HARTFORD, CT (WFSB) -- A Connecticut lawmaker is proposing a new license for nail technicians.
When she was presented with the idea, State Rep. Jillian Gilchrest thought regulating nail technicians in Connecticut made sense.
“Connecticut is currently the only state that doesn't regulate nail salons,” Gilchrest said.
However, she was floored by what happened next.
“Calls, emails, Facebook posts, who once they see the bills, they're so pleased because they've had an infection in their foot for two years,” Gilchrest said.
Infections are just one of the issue nail tech licensing hopes to avoid.
The business is also a frequent target of human traffickers.
“Currently in the state of Connecticut, someone just has to go to their local town hall and say they want to open a business and say they want to open a nail salon. So, we want to make sure the business owner themselves is trained and to make sure the nail technicians receive training,” Gilchrest said.
Barbara Gigliotti, supervising sanitarian for the Central Connecticut Health District (CCHD), said she thinks the licensing is an excellent idea.
“I think it really would be a benefit for the technicians themselves, and certainly for the customers,” Gigliotti said.
However, Gilchrest’s proposal is just that right now, an idea.
According to Gigliotti, in the CCHD’s member towns, nail salons do need a license to operate.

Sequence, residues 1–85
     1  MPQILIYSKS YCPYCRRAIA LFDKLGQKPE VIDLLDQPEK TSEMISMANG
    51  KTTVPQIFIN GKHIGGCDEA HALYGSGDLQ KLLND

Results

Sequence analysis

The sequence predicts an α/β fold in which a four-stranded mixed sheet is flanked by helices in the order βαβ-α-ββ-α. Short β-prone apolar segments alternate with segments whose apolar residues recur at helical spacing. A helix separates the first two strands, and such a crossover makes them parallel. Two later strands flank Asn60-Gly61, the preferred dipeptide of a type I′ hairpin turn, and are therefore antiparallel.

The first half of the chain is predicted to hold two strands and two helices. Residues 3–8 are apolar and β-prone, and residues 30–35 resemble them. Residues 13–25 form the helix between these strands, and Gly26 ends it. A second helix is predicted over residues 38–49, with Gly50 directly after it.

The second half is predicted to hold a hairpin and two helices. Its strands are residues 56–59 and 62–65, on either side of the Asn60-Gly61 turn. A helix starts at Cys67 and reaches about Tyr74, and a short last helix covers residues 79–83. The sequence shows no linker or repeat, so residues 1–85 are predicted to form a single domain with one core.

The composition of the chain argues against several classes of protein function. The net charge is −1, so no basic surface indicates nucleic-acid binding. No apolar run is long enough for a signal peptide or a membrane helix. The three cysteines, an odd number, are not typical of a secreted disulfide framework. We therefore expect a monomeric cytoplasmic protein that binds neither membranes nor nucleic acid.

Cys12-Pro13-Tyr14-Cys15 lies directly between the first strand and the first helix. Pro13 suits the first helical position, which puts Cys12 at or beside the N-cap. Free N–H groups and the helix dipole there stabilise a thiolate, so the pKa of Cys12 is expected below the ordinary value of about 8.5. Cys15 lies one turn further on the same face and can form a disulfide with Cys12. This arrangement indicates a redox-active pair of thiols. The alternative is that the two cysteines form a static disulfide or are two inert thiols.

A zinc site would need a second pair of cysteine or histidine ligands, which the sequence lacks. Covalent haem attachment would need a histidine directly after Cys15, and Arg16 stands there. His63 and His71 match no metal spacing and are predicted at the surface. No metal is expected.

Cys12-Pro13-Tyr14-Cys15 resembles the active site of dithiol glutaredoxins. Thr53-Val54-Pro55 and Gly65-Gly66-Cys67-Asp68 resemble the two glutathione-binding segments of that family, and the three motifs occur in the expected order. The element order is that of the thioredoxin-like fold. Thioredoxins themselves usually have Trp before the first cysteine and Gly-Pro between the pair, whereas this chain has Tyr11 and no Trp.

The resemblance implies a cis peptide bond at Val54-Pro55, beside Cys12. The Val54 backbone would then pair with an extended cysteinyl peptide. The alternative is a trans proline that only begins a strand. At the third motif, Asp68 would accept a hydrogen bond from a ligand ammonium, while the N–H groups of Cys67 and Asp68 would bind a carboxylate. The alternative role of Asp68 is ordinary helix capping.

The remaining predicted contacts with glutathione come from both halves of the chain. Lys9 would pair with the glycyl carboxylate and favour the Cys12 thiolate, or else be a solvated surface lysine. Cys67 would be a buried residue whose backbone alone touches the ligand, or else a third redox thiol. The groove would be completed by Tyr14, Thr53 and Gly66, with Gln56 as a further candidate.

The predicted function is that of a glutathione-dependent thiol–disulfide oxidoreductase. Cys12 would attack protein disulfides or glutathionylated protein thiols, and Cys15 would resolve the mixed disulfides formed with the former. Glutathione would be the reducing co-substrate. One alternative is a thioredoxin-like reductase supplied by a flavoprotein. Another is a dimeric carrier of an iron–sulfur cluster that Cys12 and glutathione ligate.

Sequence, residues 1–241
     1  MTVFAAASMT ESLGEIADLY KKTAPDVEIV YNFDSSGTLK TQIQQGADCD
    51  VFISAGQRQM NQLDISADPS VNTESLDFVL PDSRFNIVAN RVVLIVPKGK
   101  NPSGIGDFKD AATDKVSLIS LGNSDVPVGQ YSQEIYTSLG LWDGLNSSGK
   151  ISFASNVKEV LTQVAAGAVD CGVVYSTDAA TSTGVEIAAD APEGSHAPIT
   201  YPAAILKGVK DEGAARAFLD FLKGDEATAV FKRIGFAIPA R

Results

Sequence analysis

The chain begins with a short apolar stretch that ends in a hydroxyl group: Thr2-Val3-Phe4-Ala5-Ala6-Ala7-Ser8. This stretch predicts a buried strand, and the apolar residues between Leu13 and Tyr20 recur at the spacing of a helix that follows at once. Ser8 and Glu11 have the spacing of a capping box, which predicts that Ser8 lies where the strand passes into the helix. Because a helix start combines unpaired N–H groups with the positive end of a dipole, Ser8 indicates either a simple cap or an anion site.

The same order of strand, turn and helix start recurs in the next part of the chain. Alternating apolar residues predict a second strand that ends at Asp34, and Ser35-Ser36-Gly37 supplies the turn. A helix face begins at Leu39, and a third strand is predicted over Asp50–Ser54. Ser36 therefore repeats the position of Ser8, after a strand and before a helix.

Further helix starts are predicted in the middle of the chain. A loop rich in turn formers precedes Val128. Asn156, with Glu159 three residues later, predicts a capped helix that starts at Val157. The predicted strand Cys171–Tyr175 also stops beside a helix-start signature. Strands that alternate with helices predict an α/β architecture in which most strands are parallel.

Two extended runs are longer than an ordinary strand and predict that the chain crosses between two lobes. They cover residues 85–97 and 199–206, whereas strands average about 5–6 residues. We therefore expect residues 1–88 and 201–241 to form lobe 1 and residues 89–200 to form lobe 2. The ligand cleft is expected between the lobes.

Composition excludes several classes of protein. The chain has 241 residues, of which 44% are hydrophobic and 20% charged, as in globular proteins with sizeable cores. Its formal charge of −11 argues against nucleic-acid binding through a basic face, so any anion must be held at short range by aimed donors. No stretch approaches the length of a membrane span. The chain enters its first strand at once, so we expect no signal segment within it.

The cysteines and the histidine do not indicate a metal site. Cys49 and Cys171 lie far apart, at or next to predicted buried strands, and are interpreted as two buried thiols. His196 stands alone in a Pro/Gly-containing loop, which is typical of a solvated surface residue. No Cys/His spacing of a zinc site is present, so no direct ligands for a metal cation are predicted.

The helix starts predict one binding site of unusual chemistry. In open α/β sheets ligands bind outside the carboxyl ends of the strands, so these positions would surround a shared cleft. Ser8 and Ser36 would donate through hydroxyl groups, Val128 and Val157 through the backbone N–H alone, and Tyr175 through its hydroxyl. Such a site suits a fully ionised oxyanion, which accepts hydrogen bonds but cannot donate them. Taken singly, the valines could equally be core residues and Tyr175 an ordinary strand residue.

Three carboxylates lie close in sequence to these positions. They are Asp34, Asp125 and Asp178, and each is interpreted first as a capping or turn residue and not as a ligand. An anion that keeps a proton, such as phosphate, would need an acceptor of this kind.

“We do an annual inspection, that means we go in once a year checking for basic sanitation,” Gigliotti said.
Many health districts do not license salons or do annual inspections, instead only responding to complaints.
Gigliotti said she does that too.
“The worst case is when somebody comes down with a fungus or infection in their nails,” Gigliotti said.
When asked what customers should look out for, Gigliotti said a strong chemical smell is a bad because it suggests poor ventilation.
You also want to see a clean work area, a technician who washes their hands in front of each customer, single use tools, and good cleaning.
“Any equipment they use on you should be new or clean, if they are taking emery boards or sanding blocks out of a drawer and they have white nail dust on them, that's a red flag,” Gigliotti said.
Another red flag in the Central Connecticut Health District of Rocky Hill, Wethersfield, Newington and Berlin is a UV sanitizer.
They're ineffective and used improperly, so they're not allowed here.
There really are many differences from place to place.
In Manchester, they don't license salons yet, but they're starting a program this spring.
Middletown does have a license, but says complaints in their district are rare.
If you have a regular nail spot, your best bet is to call your local health district to see if their record comes back clean.